A study ordered by the US Department of Defense has concluded that new genetic-engineering tools are expanding the range of malicious uses of biology and decreasing the amount of time needed to carry them out.
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The new tools aren’t in themselves a danger and are widely employed to create disease-resistant plants and new types of medicine. However, rapid progress by companies and university labs raises the specter of “synthetic-biology-enabled weapons,” according to the 221-page report.
The report, issued by the National Academies of Sciences, is among the first to try to rank national security threats made possible by recent advances in gene engineering such as the gene-editing technology CRISPR.
“Synthetic biology does expand the risk. That is not a good-news story,” says Gigi Gronvall, a public health researcher at Johns Hopkins and one of the report’s 13 authors. “This report provides a framework to systematically evaluate the threat of misuse.”
Experts are divided on the perils posed by synthetic biology, a term used to describe a wide set of techniques for speeding genetic engineering. In 2016, the US intelligence community placed gene editing on its list of potential weapons of mass destruction.
“Many different groups have written and spoken about the topic, with a wide spread of opinion,” says D. Christian Hassell, deputy assistant secretary of defense for chemical and biological defense, who commissioned the report in order to obtain a “consensus opinion from among the top leaders and thinkers” in the field.
Hassell says the military’s current view is that “synbio is not a major threat issue at the moment” but bears preparing for, in part because defenses like vaccines can take years to develop.
The current report attempted to weigh potential threats by considering factors such as the technical barriers to implementation, the scope of casualties, and the chance of detecting an attack. It found that while “some malicious applications of synthetic biology may not seem plausible right now, they could become achievable with future advances.”
Among the risks the authors termed of “high concern” is the possibility that terrorists or a nation-state could re-create a virus such as smallpox. That is a present danger because a technology for synthesizing a virus from its DNA instructions has previously been demonstrated.
The evaluation process shed light on some risks the authors called unexpected. In one scenario, the report imagined how ordinary human gut bacteria could be engineered to manufacture a toxin, an idea ranked as highly worrisome in part because such an attack, like a computer virus, could be difficult to uncover or attribute to its source.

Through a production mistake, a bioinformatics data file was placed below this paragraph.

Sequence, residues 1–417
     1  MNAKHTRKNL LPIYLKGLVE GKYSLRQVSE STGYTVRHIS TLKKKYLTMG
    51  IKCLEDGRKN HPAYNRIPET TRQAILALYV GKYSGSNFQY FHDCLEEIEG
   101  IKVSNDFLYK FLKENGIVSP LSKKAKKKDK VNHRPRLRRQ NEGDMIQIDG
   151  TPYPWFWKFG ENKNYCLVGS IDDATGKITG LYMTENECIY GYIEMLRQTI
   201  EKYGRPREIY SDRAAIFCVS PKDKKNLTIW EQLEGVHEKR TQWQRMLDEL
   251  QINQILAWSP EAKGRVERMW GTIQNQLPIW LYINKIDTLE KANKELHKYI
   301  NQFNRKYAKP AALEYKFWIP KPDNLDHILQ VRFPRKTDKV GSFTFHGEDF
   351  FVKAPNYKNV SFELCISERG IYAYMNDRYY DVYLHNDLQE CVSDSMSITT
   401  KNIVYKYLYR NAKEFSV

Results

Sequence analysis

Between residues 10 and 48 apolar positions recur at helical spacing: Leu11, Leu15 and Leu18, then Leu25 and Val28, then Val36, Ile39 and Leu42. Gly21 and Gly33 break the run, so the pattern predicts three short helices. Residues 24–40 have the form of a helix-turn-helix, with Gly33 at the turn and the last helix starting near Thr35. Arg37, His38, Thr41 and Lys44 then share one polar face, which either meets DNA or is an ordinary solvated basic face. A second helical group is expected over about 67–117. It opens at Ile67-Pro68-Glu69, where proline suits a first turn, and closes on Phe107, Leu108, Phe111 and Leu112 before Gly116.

Among the weapons imagined, several involved CRISPR, a versatile gene-editing tool invented only six years ago, which the report said could be introduced into a virus to cut human DNA and cause cancer. If scientists can alter animals to create disease, “it follows that [the] genomes of human beings could be similarly modified,” according to the report.
In its analysis, the committee downgraded other threats. Attempts to construct entirely novel man-made viruses, for instance would be hobbled by scientific unknowns, at least for now.
The US military, which asked for the study, is already among the largest funders of synthetic biology. Although its research is defensive in nature, technical reports such as this one, which imagine future weaponry, could generate anxiety in other nations, says Filippa Lentzos, a senior research fellow in biosecurity at King’s College London.
“You don’t want to start a new bioweapons race. The field needs to ask itself who is driving the agenda, and how does this look from the outside,” she says. “Synthetic biology has a problem, which is that much of its funding comes from the military.”
Historically, the US and other countries have worried most about specific germs such as smallpox, including them on a list of “select agents” whose possession is tightly controlled.
As the biotech tool box grows, however, the list-based approach to security is no longer seen as sufficient.
According to the report, the US must now also track “enabling developments” including methods, widely pursued by industry, to synthesize DNA strands and develop so-called “chassis” organisms designed to accept genetic payloads.
“The US government should pay close attention to this rapidly progressing field, just as it did to advances in chemistry and physics during the Cold War era,” says Michael Imperiale, a microbiologist at the University of Michigan and chair of the committee behind the publicly available report, titled Biodefense in the Age of Synthetic Biology.
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